The Bird Flu (Avian Influenza)

Avian Influenza in birds:
Bird flu is an infection caused by the H5N1 strain of the avian (bird) influenza (flu) virus. This influenza virus occurs naturally among wild birds. Wild birds worldwide carry the virus in their intestines. Avian influenza is very contagious among domesticated birds and can make some domesticated birds, including chickens, ducks, and turkeys, very sick and kill them. Cases have been documented of various animals, wild and domesticated, dying of the virus after eating infected birds. “A far wider range of species, including rare and endangered ones, may be affected by highly virulent avian flu than has previously been supposed,” United Nations Environment Program (UNEP) said in a statement in March 2006. It said experts at the Convention on Biological Diversity (CBD) conference in Brazil said “there is growing evidence that the H5N1 virus can infect and harm big cats like leopards and tigers, small cats such as civets and other mammals like martens, weasels, badgers and otters.”

Infected birds shed influenza virus in their saliva, nasal secretions, and feces. Susceptible birds become infected when they have contact with contaminated secretions or excretions or with surfaces that are contaminated by infected birds. Domesticated birds may become infected with avian influenza virus through direct contact with infected waterfowl or other infected poultry, or through contact with surfaces (such as dirt or cages) or materials (such as water or feed) that have been contaminated with the virus.

Infection with avian influenza viruses in domestic poultry causes two main forms of disease that are distinguished by low and high extremes of virulence. The “low pathogenic” form may go undetected and usually causes only mild symptoms (such as ruffled feathers and a drop in egg production). However, the “highly pathogenic” form spreads more rapidly through flocks of poultry. This form may cause disease that affects multiple internal organs and has a mortality rate that can reach 90-100% often within 48 hours.

Human infection with Avian Influenza viruses:
Usually, “avian influenza virus” refers to influenza viruses found chiefly in birds, but infections with these viruses can occur in humans. The risk from avian influenza is generally low to most people, because the viruses do not usually infect humans. However, confirmed cases of human infection from types of avian influenza infection have been reported since 1997. Most cases of avian influenza infection in humans have resulted from contact with infected poultry (e.g., domesticated chicken, ducks, and turkeys) or surfaces contaminated with secretion/excretions from infected birds. The spread of avian influenza viruses from one ill person to another has been reported very rarely, and transmission has not been observed to continue beyond one person. At this time, it is not clear whether cats can pass the virus to humans.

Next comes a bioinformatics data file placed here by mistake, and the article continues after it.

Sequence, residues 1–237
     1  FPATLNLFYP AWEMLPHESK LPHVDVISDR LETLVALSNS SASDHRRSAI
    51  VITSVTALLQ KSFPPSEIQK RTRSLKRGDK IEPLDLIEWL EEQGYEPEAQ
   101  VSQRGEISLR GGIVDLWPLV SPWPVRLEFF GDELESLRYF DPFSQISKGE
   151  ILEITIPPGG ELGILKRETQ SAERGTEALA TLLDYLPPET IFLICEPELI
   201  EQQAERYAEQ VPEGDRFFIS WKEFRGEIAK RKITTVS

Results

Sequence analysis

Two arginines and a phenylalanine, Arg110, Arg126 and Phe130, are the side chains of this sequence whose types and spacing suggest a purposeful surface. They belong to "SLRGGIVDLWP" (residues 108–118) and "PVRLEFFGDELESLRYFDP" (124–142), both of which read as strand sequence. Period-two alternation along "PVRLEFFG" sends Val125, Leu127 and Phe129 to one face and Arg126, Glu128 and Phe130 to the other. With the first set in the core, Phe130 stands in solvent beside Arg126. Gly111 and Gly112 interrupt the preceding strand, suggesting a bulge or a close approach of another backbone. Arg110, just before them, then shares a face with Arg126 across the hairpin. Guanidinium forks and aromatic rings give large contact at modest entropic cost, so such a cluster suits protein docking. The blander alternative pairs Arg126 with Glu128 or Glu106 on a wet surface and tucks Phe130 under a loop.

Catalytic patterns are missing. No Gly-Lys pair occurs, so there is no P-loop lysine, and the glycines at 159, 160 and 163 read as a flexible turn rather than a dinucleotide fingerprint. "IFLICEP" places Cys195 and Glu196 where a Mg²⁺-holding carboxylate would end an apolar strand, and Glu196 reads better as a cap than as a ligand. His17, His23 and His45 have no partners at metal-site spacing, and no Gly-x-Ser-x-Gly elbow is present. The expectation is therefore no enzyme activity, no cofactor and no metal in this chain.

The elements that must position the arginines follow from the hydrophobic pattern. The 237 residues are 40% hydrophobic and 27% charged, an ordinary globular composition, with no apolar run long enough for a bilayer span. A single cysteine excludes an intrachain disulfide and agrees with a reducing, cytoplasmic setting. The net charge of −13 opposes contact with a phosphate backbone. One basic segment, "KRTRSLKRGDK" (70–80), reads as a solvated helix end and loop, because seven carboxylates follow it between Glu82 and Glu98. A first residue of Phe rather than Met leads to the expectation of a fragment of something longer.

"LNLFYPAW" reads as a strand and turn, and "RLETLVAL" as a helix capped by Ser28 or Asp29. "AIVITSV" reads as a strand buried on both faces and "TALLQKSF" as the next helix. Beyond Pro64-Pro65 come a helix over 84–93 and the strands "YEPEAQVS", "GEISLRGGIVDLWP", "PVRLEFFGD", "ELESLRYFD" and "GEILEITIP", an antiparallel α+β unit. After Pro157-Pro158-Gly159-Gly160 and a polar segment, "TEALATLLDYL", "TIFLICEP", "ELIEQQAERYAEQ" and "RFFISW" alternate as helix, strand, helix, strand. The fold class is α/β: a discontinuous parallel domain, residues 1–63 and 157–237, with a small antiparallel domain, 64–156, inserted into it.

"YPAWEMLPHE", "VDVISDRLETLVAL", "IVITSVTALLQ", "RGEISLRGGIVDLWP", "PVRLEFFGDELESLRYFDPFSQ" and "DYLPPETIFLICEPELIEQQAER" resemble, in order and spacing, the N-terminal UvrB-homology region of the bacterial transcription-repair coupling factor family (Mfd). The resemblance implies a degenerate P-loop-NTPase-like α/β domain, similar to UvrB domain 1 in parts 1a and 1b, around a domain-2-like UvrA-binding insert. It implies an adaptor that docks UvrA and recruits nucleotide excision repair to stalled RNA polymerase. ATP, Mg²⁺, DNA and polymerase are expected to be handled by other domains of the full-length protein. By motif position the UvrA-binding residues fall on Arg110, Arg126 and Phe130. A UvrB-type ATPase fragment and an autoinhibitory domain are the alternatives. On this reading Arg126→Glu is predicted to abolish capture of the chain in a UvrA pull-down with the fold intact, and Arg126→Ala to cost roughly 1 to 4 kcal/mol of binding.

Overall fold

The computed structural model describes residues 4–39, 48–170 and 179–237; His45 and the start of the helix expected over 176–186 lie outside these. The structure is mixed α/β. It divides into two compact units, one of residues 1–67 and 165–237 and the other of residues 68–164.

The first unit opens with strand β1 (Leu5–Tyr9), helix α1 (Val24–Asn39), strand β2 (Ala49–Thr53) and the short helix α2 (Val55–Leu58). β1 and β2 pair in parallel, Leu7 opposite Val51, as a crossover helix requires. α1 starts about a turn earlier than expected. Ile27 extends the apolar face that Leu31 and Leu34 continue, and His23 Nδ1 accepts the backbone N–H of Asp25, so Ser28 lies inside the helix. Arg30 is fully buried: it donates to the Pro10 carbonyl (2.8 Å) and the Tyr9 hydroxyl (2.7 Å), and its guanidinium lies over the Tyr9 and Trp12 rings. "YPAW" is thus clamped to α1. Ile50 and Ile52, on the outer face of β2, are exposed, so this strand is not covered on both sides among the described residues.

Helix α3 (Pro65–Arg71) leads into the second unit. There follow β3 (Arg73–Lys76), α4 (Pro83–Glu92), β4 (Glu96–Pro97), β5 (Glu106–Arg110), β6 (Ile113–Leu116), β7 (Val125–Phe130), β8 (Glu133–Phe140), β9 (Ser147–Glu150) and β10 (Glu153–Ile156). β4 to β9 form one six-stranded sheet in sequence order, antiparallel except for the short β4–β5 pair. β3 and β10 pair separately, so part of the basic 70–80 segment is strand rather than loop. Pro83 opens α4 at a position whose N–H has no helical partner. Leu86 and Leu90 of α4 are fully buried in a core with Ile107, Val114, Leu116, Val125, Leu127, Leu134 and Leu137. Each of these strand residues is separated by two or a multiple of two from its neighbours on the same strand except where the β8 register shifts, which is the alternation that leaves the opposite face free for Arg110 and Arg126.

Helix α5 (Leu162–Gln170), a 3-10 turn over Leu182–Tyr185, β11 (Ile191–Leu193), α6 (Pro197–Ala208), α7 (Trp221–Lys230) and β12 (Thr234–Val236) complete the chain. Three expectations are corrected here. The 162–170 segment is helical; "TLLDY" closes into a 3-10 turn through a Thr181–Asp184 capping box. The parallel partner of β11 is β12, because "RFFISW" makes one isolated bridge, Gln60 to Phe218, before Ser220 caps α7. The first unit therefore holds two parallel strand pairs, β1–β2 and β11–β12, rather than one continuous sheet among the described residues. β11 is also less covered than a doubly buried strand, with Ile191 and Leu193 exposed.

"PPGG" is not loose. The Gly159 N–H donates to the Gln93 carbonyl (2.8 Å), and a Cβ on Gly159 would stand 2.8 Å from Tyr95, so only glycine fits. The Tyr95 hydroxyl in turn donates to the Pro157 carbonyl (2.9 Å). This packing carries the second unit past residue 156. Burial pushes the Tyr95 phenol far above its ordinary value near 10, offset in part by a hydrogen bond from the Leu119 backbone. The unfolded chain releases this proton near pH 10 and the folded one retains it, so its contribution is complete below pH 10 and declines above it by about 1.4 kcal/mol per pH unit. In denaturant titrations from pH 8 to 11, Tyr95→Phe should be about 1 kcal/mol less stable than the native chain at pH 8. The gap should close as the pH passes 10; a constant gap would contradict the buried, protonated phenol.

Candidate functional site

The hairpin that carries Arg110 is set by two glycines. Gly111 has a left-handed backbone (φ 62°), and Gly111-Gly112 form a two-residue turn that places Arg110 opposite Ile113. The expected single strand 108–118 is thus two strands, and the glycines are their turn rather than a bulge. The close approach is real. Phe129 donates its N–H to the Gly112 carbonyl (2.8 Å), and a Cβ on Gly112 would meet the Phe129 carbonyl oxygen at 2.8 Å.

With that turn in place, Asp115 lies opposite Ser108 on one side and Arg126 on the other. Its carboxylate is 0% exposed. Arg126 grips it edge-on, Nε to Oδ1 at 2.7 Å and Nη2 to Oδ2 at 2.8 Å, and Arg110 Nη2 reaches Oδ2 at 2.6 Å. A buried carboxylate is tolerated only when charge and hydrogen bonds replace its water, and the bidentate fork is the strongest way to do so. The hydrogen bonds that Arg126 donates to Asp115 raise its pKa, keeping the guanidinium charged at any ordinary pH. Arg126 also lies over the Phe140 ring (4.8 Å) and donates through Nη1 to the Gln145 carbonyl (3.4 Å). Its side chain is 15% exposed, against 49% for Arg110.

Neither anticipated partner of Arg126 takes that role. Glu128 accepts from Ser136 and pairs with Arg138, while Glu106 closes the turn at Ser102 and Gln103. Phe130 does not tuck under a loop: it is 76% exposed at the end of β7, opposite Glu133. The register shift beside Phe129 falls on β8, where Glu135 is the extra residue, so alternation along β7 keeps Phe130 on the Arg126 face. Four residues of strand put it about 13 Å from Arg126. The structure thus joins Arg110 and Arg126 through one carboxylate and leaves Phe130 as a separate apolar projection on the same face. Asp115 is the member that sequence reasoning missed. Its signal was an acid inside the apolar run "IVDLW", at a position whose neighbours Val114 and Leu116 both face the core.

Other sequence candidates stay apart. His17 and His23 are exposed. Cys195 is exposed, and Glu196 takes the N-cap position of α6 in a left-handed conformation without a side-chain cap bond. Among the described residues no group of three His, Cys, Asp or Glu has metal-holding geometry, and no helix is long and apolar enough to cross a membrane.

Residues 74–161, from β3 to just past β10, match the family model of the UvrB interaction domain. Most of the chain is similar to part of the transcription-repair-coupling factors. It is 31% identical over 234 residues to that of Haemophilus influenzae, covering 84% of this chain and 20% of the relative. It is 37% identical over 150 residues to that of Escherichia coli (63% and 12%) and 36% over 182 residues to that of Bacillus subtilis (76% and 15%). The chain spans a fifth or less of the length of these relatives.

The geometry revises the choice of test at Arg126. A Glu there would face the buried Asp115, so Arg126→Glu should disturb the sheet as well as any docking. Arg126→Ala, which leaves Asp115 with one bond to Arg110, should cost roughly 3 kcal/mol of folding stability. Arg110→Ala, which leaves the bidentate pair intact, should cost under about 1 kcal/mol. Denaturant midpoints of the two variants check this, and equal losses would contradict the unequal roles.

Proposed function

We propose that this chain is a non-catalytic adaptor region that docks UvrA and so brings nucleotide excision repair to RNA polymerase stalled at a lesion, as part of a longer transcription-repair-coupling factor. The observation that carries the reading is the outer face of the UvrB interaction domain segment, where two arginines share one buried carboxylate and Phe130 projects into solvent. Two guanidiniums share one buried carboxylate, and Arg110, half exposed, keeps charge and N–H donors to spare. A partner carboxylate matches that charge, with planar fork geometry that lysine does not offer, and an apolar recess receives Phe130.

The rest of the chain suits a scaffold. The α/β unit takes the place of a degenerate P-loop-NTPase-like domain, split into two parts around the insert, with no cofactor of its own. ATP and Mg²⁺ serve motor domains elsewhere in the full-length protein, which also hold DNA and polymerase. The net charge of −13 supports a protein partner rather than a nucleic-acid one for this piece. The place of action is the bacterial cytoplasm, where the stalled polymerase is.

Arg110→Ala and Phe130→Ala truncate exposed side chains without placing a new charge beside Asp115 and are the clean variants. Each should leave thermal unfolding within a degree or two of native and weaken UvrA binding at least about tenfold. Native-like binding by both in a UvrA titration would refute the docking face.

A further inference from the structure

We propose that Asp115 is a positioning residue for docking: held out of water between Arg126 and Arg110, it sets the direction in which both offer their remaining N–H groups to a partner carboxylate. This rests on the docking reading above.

Symptoms of avian influenza in humans have ranged from typical human influenza-like symptoms (e.g., fever, cough, sore throat, and muscle aches) to eye infections, pneumonia, severe respiratory diseases (such as acute respiratory distress), and other severe and life-threatening complications. The symptoms of avian influenza may depend on which virus caused the infection.

Studies done in laboratories suggest that some of the prescription medicines approved in the United States for human influenza viruses should work in treating avian influenza infection in humans. However, influenza viruses can become resistant to these drugs, so these medications may not always work. Additional studies are needed to demonstrate the effectiveness of these medicines.

Human health risks during the bird flu outbreak:
Of the few avian influenza viruses that have crossed the species barrier to infect humans, the virus has caused the largest number of detected cases of severe disease and death in humans. In the current outbreaks in Asia and Europe more than half of those infected with the virus have died. Since 2003, over 130 human deaths have been contributed to the bird flu. Most cases have occurred in previously healthy children and young adults. However, it is possible that the only cases currently being reported are those in the most severely ill people, and that the full range of illness caused by the bird flu virus has not yet been defined.

So far, the spread of the bird flu virus from person to person has been limited. Nonetheless, because all influenza viruses have the ability to change, scientists are concerned that the virus one day could be able to infect humans and spread easily from one person to another. Because these viruses do not commonly infect humans, there is little or no immune protection against them in the human population. If the virus were to gain the capacity to spread easily from person to person, an influenza pandemic (worldwide outbreak of disease) could begin.

No one can predict when a pandemic might occur. However, experts from around the world are watching the bird flu virus situation in Asia and Europe very closely and are preparing for the possibility that the virus will begin to spread more easily and widely from person to person.

For More Information:

Centers for Disease Control and Prevention:

World Health Organization (WHO):